The immensity of Japanese history is enough to intimidate most of us, with its multiple eras and sprawling cast of major players. But learning about the country’s incredible past need not be such a daunting undertaking. We take a look at some of the most impressive books on Japanese history published in recent times that help cast a light on a storied past that continues to resonate in our own time.

1. A Brief History of Japan: Samurai, Shogun, and Zen by Jonathan Clements

Brevity and succinctness are virtues, especially when they culminate in a single-volume work that encompasses everything in Japanese history from mythological beginnings to the nation’s more contemporary status as a pop culture powerhouse (with a few centuries of willful international isolation in between). Clements is a respected authority on a variety of aspects of Japan and his guideship is both insightful and accessible.

2. Hokkaido: A History of Ethnic Transition and Development on Japan’s Northern Island by Ann B. Irish

Hokkaido is a land culturally, historically and geographically distinct from the rest of Japan. This book explains how the Ainu were replaced with pioneer settlers, which has had profound implications lasting until the present day. The expansion of a frontier society on the cusp of modernity and the consequential diminishing of an ancient people’s time-honored customs, are accounted for in great detail. If you have even a passing interest in the indigenous people of the nation’s most northern prefecture and their almost forgotten traditions, this is essential reading.  

Nakagusuku Castle, the ruins of the Ryukyu Kingdom in Okinawa, Japan

3. Okinawa: The History of an Island People by George Kerr

Conversely, the tropical topography and shining sun that dominates the former domain of the Ryukyu Kingdom is the focus of Okinawa: The History of an Island People. Okinawa proudly boasts a past that sets it apart from the mainland, having nurtured its own unique identity that remains powerful into the 21st century. Casual history enthusiasts will of course be aware of the calamitous Battle of Okinawa in 1945, but Kerr demonstrates that there is far more to learn about these idyllic islands. This is the definitive English-language book on Okinawa and its inhabitants.

4. Tokyo: A Biography by Stephen Mansfield

Can the soul of any city be articulated? Stephen Mansfield, who has worked as both a writer and photographer for dozens of publications, does an admirable job in attempting to do just that. A chronicle of the key events and individuals that helped shape what many of us firmly believe to be the greatest metropolis in the world. Earthquakes, firebombing, and liberal zoning laws have all helped to forge the face of an incomparable capital.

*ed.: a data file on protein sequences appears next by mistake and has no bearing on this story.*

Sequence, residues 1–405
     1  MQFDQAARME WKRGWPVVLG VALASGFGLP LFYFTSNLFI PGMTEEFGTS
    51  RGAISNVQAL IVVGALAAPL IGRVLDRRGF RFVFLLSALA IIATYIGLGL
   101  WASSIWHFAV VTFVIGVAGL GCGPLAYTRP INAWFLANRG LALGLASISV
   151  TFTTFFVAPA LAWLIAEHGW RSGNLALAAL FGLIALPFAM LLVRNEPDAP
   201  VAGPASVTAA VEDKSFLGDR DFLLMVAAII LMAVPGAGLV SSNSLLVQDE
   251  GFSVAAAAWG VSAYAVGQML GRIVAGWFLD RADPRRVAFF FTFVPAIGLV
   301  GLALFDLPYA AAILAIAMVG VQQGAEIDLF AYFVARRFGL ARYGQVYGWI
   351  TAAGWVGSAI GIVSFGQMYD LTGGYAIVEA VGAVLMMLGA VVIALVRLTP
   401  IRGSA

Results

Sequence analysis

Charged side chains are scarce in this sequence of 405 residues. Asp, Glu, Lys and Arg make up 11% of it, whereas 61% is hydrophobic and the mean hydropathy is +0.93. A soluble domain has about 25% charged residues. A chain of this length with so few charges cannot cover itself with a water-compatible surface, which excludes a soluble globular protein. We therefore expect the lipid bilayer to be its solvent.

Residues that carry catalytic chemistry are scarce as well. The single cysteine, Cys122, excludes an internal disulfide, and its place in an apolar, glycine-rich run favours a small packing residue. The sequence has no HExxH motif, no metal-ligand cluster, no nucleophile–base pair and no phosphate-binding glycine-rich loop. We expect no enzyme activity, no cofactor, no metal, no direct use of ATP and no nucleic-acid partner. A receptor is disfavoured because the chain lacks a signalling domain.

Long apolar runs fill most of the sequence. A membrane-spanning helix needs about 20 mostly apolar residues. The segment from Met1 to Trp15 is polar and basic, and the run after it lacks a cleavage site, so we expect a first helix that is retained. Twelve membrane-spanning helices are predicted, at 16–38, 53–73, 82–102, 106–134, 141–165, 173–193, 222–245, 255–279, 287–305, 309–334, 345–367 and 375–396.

5. Pure Invention: How Japan Made the Modern World by Matt Alt

Former Prime Minister Shinzo Abe famously dressed up as Super Mario at the closing ceremony of the Rio 2016 Olympics, sparking much bemusement and opinion pieces on Japan’s much-acclaimed soft power. Nintendo got its start in 1889 as a manufacturer of hanafuda playing cards and plenty of other iconic Japanese brands and businesses had equally interesting origins. Alt explains how postwar Japan rose from the ashes on the back of Hello Kitty and why pretty much every foreign movie set in Japan involves a scene in which the main character is overwhelmed by the sheer technological brilliance of Japanese toilets.  

6. A History of Popular Culture in Japan: From the Seventeenth Century to the Present by E. Taylor Atkins

In a tour of popular culture beginning at the height of the Edo Period (1603–1867) and concluding with the emergence of the highly publicized Cool Japan initiative, Distinguished Teaching Professor of History, Atkins delves into the nitty-gritty of the image Japan wishes to project of itself both domestically and internationally. The path that leads from noh theater to AKB48 may perhaps not be strictly linear, but there are common cultural threads that bind them to the national psyche. This is a meticulously researched book that still manages to contain plenty of well-placed humor. 

Yomiuri Shimbun newspaper clipping (27 May 1959 issue)

7. 1964: The Greatest Year in the History of Japan by Roy Tomizawa

The title makes a very audacious claim, but it might not be without merit. 1964 was the year Japan demonstrated to the world that it was on its ascendency, having recovered from the devastation and hardship of the postwar period and now in the midst of an economic miracle. It was of course the year Tokyo hosted its first Olympic Games, in which the nation’s newfound wealth and infrastructure were on proud display for the global media throngs. This sense of a new form of national pride is described in vivid detail by Tomizawa, who celebrated his first birthday on the day the games were opened.

8. To Stand with the Nations of the World: Japan’s Meiji Restoration in World History by Mark Ravina

The Meiji Restoration of the latter 19th century ushered in a period of rapid societal and cultural change that fundamentally altered many intrinsic attributes of Japan. With the assistance of numerous Western powers, the Japanese government reshaped the country’s economy in a zealous quest for modernization. Yet, despite these radical shifts, Japan was able to retain its cultural identity and unique set of values. This extraordinary story of national renewal is told in tremendous detail and makes for remarkable reading.